Court: Democrat can sue Iowa over alleged GOP reprisals
IOWA CITY — The Iowa Supreme Court ruled Friday that a Democratic appointee can seek damages for alleged political retaliation he suffered under former Republican Gov. Terry Branstad, a decision that will make it easier for state residents to sue government officials who violate their rights.
In a 4-3 decision, the court ruled that former Iowa Workers’ Compensation Commissioner Chris Godfrey can bring claims alleging that his property and liberty interests were “violated by the partisan motivation” of Branstad, Gov. Kim Reynolds and their aides. The court said it wasn’t taking a position on the merits of Godfrey’s claims, which will head to trial along with his allegations that the defendants violated the Iowa Civil Rights Act by discriminating against him on the basis of sexual orientation. Godfrey is gay.
The ruling marks the first time the court has allowed citizens to file lawsuits seeking monetary damages against government officials for alleged violations of rights protected under the Iowa Constitution. The case had been closely watched by government agencies at all levels in Iowa that had urged the court not to open the door to such litigation.
The court’s majority held that damage claims can be brought under the state constitution if state law doesn’t otherwise provide an adequate remedy for the alleged violation.
Godfrey, now chief judge of the board that decides federal workers’ compensation disputes in Washington, called the ruling a victory for individual rights.
“Whatever the impact on my case, this is a decision that is really going to help Iowans who are impacted by improper government actions going forward. That’s a great thing,” he said. “This decision says that if the government is acting against somebody, the courts will be there to protect people. And we can have a jury that’s going to listen to the facts and decide.”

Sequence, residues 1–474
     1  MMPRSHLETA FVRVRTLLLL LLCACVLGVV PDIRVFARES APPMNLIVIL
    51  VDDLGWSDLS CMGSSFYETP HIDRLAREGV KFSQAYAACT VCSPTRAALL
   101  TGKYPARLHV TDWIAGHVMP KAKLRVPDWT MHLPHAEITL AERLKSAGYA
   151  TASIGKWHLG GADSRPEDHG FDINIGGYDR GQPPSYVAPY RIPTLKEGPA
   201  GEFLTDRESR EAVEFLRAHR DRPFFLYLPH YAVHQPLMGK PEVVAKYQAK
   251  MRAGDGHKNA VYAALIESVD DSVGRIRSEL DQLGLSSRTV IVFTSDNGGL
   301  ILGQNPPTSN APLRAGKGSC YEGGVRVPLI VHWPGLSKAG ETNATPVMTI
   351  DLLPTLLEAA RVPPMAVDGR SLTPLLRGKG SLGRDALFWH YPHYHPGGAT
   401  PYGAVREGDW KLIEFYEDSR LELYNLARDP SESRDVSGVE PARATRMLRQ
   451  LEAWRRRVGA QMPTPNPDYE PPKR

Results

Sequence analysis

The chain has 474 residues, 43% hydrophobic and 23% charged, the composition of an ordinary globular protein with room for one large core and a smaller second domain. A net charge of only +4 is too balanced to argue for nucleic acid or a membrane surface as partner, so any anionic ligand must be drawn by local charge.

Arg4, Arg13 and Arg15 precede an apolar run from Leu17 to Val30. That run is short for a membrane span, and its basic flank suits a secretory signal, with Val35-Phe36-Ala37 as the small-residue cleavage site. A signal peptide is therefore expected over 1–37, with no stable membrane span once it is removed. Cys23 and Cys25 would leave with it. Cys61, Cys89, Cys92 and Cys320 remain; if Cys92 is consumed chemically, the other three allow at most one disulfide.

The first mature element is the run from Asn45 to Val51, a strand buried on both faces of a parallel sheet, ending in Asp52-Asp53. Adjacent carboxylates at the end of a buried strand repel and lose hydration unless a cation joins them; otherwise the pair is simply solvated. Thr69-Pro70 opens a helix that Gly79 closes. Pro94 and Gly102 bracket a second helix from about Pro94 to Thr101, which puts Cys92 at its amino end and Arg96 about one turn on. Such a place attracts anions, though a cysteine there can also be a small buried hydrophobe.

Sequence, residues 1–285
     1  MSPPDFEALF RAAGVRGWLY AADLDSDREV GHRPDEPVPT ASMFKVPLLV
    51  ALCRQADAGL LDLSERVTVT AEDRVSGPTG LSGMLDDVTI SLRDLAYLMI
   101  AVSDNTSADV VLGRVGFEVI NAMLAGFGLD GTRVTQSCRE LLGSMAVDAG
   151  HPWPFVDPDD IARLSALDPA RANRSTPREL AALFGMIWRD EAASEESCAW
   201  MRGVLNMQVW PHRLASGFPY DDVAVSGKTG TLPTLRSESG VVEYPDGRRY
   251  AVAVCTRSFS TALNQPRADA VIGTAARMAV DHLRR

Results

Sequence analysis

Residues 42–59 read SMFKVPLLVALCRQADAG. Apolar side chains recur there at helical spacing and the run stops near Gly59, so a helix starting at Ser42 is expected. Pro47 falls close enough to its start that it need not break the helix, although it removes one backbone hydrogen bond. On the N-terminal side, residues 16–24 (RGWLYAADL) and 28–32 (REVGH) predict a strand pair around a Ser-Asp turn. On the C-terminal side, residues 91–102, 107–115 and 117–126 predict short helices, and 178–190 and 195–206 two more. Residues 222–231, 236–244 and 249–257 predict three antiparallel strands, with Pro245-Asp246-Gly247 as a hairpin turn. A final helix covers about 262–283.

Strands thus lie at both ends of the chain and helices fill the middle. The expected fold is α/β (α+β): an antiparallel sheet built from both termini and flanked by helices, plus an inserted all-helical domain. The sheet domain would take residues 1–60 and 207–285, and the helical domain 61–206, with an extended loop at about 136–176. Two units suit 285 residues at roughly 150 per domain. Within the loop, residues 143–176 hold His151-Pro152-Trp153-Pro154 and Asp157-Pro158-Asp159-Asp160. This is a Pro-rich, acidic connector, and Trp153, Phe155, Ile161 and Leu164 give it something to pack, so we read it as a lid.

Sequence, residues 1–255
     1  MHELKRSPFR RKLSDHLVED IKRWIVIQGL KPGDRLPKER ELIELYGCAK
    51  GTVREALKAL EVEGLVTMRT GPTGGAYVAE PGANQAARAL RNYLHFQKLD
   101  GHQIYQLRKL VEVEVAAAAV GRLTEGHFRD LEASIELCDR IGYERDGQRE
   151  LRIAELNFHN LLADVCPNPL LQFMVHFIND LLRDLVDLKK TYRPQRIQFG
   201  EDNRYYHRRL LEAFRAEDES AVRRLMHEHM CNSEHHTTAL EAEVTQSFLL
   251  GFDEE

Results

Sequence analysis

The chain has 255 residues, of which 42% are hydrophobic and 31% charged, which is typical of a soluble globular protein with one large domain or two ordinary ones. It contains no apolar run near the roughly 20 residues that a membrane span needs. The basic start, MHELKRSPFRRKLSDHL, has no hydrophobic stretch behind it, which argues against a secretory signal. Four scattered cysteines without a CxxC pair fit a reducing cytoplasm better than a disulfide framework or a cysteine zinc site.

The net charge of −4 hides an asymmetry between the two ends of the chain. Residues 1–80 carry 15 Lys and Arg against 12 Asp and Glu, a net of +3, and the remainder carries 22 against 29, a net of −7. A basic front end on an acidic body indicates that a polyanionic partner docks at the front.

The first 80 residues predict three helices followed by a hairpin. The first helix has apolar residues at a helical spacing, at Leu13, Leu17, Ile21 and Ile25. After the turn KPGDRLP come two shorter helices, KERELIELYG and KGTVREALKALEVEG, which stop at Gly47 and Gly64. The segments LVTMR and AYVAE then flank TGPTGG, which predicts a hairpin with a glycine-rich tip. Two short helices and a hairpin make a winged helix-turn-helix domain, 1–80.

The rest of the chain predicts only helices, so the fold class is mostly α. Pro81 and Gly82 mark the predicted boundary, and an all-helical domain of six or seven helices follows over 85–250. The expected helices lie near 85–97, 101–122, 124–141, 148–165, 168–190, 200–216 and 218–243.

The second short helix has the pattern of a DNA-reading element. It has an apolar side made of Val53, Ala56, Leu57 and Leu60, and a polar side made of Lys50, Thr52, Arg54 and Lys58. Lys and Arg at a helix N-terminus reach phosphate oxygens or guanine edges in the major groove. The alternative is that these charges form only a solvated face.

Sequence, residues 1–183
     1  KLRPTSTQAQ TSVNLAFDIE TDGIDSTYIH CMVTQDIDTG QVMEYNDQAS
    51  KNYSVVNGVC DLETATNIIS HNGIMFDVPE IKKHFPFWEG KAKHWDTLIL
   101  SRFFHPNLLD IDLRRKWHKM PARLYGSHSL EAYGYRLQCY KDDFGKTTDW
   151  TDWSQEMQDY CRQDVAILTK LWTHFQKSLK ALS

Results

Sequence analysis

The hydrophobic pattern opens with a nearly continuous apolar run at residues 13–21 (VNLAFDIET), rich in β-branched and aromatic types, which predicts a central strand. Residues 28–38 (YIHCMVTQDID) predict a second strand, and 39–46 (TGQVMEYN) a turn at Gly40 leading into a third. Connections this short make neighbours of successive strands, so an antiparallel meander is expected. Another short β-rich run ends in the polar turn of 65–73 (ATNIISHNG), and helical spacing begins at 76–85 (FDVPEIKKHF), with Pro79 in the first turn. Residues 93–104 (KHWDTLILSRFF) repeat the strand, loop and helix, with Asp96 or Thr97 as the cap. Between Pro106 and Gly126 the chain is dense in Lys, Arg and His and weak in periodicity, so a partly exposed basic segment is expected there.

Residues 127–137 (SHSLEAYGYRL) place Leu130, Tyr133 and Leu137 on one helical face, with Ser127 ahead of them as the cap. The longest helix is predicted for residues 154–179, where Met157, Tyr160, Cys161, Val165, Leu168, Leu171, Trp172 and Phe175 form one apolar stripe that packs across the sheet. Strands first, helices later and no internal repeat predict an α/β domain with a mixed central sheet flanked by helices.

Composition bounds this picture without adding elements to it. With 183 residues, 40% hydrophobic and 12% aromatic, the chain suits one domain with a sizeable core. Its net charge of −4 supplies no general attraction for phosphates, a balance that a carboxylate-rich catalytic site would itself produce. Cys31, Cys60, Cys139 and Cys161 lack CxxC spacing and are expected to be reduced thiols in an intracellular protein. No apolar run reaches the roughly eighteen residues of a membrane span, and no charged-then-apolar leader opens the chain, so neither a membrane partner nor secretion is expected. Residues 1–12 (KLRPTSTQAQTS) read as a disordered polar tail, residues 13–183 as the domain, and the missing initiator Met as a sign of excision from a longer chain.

Dissenting Justice Edward Mansfield said the ruling will have “far-reaching effects,” potentially prompting scores of lawsuits from current and former inmates alleging they were wrongly incarcerated. But he said it may have little impact on Godfrey’s case if Branstad, who is now the U.S. ambassador to China, can show that he and his staff had legal reasons for demanding Godfrey’s resignation, cutting his pay and criticizing his performance.
Godfrey was appointed by Democratic Gov. Chet Culver in 2009 and confirmed by the Iowa Senate to a six-year term as commissioner, a position that rules on appeals involving whether businesses and insurers must compensate injured workers. After Branstad’s election as governor in 2010, he requested Godfrey’s resignation so that he could appoint his own commissioner.
Godfrey declined to step down, arguing that the job was supposed to be insulated from politics and that his term didn’t expire until 2015. Branstad responded by cutting Godfrey’s pay from $112,000 to $73,000, the lowest allowed for the position. Branstad, Reynolds — then the lieutenant governor — and aides defended the actions by painting Godfrey as a poor commissioner who was hurting businesses. Godfrey says those statements were defamatory and alleges he was treated more harshly than other appointees because he’s gay.